I like cooking and eating! I guess it’s because I always paid attention to my mom in the kitchen when I was little. All right, I admit it was probably just because I hated everything (Picky Vikki!), and was watching her like a hawk to make sure no onions got into anything. During Christmastime we always helped bake and decorate cookies, and I don’t think I realized until I was older that she was the Dessert Lady at every event our family was invited to.
I started asking for housewares as birthday and holiday gifts towards the end of high school to prepare for college and beyond. During the first two years of college, cooking was mostly just a few spaghetti nights here and there. (I remember a crock-pot insert being used on a stovetop for sauce and it definitely cracked in half!) Junior year we moved off campus and my roommates were all vegetarian, so no more Hamburger Helper. I had to learn how to feed them! (Oh yeah, and this was the year I learned “Grill” at McDonald’s. Year 5 of 7 total “served”! I am pretty good with meat cooking times/temps and scraping some dirty grills!)
My family members were more than happy to clean out their cupboards and donate their pots, pans, Tupperware, and gadgets to my ventures. After college, I moved and landed a job working at a local kitchen store for several years. I became a top salesperson very quickly — not due to my sales skills, per se, but because I had a great interest in what I was selling and soaked up every little bit of knowledge I could so that I could better prepare myself for the ever increasing consumer concerns in today’s society. Even though I no longer work there, I learned a lot, and I enjoyed being able to talk about cooking and eating all day long, solving problems and learning to bake and cook things I had never heard of or tried. I got to see and test a lot of housewares and I still love sharing my knowledge with others.
I can’t find one single place on the internet to find all of the information I’ve gathered over the years, and I want to make it easier for others. There are tons of sites to find recipes, and lots of places to buy things. Here and there you can find a tip about cleaning something or caring for something, but it’s usually just for that one item.
And who can trust a review? For regular internet reviews of housewares, most people only review things to complain. Not many folks want to spend time talking about how much they love something, usually just how much they hate it so they can guilt someone into giving them a refund, or at least make them feel bad. A lot of people don’t use things properly or are just lazy (sorry!) and don’t actually want to put the needed amount of time into using the product they purchased.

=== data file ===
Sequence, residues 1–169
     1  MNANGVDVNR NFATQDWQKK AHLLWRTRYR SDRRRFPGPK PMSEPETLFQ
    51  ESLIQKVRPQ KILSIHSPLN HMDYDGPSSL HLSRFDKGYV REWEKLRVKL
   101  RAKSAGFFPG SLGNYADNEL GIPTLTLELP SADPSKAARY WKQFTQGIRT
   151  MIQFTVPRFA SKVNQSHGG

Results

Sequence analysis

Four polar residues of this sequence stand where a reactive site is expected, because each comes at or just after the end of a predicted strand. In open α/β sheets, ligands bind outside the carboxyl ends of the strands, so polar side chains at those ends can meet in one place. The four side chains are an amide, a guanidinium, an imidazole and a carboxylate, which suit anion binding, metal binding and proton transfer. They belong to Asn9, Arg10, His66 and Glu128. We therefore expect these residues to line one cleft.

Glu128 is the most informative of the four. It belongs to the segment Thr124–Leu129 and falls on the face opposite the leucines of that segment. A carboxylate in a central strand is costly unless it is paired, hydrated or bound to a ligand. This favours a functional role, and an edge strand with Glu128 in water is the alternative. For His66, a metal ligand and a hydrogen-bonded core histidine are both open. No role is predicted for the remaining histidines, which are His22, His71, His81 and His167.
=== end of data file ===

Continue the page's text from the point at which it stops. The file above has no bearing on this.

Case in point, I read a great article this past year about the Consumer Reports editors’ favorite items for holiday gifts. One editor said his dream coffee maker wasn’t even rated with Consumer Reports because the overall rating system had to account for ease of use/programmability/etc., but this thing makes the best coffee! Keep an eye out for that future blog post. 😉
So please enjoy! Send me your questions and comments and I will try to give my best answer, or let me know if there’s a topic you’d like to see me cover. If I don’t know it, I won’t make something up just to appease, and will even try to refer you somewhere or end up researching it for you just because you’ve piqued my interest. 😉 I haven’t tried every single brand out there, but I sure have seen a lot, and that also helps make educated guesses on similar products. I also do know a handful about furniture, especially outdoor furniture (and how it is cared for in the Pacific Northwest!), so I might be able to help out on that side of your home, too!
“Whether you cook or not is a political act. It’s a choice for a certain kind of food and a certain kind of food system. People who cook take back control of their diets and their agriculture … from industrial corporations who really want to insinuate themselves and control this whole process. When you cook you suddenly take an interest in where all this comes from. It draws you into this alternative food economy because you really care about quality. [Cooking is also] a transformative personal act. It changes you. If you cook you will have meals instead of just grazing all day. Cooking and meals are inextricably entwined. … If you cook you’re going to share, you’re all going to be eating the same thing. … Eating from the same pot is a powerful metaphor.” ~Michael Pollan